Idaho Governor Brad Little overturns an executive order of a rival on vaccine passports, mandatory testing

Gov. Brad Little issued the order while he still was in Texas.

Idaho Governor Brad Little overturns an executive order of a rival on vaccine passports, mandatory testing

On Wednesday, the Idaho governor issued an executive order to repeal his political rival's executive orders relating to COVID-19 vaccine passports & mandatory testing.

Republican Governor. Brad Little was in Texas when the order was issued. This is a challenge to the state's tradition of making the lieutenant Governor acting governor when the governor has been out of the state.

Lt. Governor Janice McGeachin is a far-right Republican running for Little's position. She issued her order Tuesday and sought to activate the Idaho National Guard as well as send soldiers to the U.S.–Mexico border.

Little is currently in Texas with nine other Republican governors to discuss concerns about President Joe Biden's handling of border issues. The governor of Idaho and the lieutenant governor are not on the same ticket. We were not expecting much by Wednesday night.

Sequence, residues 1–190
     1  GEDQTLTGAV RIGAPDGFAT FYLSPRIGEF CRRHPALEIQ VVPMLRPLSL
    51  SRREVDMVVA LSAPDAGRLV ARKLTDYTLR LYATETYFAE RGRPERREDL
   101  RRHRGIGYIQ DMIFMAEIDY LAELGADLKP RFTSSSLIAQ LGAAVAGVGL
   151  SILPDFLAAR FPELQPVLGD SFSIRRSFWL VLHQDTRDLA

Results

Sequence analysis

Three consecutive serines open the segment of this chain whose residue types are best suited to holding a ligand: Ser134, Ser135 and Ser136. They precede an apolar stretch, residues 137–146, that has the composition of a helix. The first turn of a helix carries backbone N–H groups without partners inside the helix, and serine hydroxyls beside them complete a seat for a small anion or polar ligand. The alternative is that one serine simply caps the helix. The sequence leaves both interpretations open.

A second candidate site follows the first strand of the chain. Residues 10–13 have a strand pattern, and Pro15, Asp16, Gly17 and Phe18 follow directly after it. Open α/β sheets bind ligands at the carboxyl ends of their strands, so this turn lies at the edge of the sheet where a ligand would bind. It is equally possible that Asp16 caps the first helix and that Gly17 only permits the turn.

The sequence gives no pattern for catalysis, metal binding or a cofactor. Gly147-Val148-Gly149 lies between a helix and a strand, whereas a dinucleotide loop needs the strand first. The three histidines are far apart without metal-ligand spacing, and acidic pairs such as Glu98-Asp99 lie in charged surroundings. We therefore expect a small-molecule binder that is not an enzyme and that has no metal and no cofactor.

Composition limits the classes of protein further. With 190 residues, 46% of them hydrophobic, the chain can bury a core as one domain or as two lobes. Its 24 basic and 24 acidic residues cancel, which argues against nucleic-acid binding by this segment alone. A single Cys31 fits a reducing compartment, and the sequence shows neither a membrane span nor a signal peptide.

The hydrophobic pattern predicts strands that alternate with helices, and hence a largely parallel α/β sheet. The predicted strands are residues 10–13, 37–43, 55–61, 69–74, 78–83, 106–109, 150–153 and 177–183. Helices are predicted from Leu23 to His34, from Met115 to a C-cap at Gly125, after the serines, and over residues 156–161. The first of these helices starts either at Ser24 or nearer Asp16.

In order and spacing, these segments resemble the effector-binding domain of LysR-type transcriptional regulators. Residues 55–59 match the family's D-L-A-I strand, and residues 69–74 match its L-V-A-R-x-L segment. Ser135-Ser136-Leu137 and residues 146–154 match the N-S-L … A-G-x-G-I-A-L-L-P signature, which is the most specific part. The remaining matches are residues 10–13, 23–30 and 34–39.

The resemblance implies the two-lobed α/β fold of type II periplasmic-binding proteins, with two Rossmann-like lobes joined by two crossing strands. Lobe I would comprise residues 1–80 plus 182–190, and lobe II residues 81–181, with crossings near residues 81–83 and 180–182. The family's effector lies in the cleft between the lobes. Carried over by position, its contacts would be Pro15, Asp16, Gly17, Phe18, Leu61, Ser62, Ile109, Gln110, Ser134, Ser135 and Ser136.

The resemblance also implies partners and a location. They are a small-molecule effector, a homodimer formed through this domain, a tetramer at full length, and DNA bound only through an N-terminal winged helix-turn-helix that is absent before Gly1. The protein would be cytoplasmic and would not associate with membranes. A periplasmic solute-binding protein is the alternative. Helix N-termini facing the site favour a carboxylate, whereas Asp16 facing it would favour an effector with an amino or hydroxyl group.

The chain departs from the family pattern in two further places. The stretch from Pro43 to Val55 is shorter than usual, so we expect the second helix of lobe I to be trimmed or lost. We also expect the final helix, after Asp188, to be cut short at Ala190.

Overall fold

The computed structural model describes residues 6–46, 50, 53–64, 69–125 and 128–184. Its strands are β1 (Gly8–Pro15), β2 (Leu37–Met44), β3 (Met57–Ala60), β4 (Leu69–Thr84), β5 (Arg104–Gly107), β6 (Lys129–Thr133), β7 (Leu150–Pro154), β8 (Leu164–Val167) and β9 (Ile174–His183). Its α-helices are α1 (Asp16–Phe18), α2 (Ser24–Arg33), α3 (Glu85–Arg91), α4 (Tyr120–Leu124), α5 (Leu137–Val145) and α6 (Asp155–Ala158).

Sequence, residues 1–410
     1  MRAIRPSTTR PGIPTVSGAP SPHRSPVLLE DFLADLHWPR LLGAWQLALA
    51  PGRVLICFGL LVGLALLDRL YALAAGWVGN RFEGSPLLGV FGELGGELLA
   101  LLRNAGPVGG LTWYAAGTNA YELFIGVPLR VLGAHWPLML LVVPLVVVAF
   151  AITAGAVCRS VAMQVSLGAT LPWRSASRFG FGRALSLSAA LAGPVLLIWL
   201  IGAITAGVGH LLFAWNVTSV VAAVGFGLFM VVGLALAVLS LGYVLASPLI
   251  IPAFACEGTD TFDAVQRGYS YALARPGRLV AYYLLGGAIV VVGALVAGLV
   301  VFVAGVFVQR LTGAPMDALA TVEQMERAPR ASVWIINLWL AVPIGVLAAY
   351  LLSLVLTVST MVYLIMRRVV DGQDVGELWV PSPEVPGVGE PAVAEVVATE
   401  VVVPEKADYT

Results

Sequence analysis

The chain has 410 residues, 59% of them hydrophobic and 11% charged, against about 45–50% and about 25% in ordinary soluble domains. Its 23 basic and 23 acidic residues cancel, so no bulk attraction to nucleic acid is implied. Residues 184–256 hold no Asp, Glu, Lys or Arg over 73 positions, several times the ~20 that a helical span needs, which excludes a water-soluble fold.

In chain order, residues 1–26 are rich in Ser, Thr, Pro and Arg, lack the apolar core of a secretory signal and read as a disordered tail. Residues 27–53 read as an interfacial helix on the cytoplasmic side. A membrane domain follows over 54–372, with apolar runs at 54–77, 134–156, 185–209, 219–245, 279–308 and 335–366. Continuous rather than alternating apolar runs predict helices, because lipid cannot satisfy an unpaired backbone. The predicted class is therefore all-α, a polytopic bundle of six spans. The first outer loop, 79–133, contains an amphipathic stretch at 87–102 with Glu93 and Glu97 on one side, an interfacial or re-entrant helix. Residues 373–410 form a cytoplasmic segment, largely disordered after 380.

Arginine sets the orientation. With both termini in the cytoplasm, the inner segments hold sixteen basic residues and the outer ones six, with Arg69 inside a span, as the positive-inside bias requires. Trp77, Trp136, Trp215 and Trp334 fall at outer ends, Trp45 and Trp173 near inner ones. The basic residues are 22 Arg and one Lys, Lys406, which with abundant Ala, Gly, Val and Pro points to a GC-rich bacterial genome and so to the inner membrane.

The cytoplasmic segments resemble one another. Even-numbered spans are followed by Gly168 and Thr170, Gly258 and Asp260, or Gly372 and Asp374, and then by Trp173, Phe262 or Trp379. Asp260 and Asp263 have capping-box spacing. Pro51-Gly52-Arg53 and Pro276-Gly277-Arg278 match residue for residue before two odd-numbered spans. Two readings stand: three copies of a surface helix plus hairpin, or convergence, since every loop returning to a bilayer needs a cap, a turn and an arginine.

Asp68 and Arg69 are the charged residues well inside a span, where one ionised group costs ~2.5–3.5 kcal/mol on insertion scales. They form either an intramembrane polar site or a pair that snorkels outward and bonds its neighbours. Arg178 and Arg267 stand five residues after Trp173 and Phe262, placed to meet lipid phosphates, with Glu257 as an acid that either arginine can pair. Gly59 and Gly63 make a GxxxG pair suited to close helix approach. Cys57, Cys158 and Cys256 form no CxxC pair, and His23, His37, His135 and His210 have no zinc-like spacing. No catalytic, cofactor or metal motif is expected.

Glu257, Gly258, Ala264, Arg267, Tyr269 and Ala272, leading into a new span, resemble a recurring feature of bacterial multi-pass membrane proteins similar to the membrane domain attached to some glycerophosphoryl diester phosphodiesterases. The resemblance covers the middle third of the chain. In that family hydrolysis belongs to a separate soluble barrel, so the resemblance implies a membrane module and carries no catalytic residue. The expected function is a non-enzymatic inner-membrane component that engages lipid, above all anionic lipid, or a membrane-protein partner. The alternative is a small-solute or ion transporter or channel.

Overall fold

Little's executive orders seem to set the stage for a court challenge in order to determine who will be in charge of the state when the governor leaves.

Little's order says that McGeachin was not authorized to act by him, and it cites Idaho law.

The executive order states that "nor does my temporary presence here in Texas for official business impair me ability to represent the peoples of Idaho, thus necessitating action from another executive to ensure continuity of state government."

It is also noted that Little had been banned by an executive order from requiring vaccination passports.

Little's order states that McGeachin’s order banning COVID-19 testing would hurt the state's ability curb the spread of this disease.

Idaho currently faces crisis standards of care due to unvaccinated COVID-19-infected patients flooding hospitals. The disease has claimed the lives of nearly 3,000 Idahoans.

Little's office refused to comment on his executive order.

McGeachin's Office didn't respond to a call from The Associated Press.

The office of the attorney general, which would seem to be required to represent the top state executive in the dispute has declined to comment.

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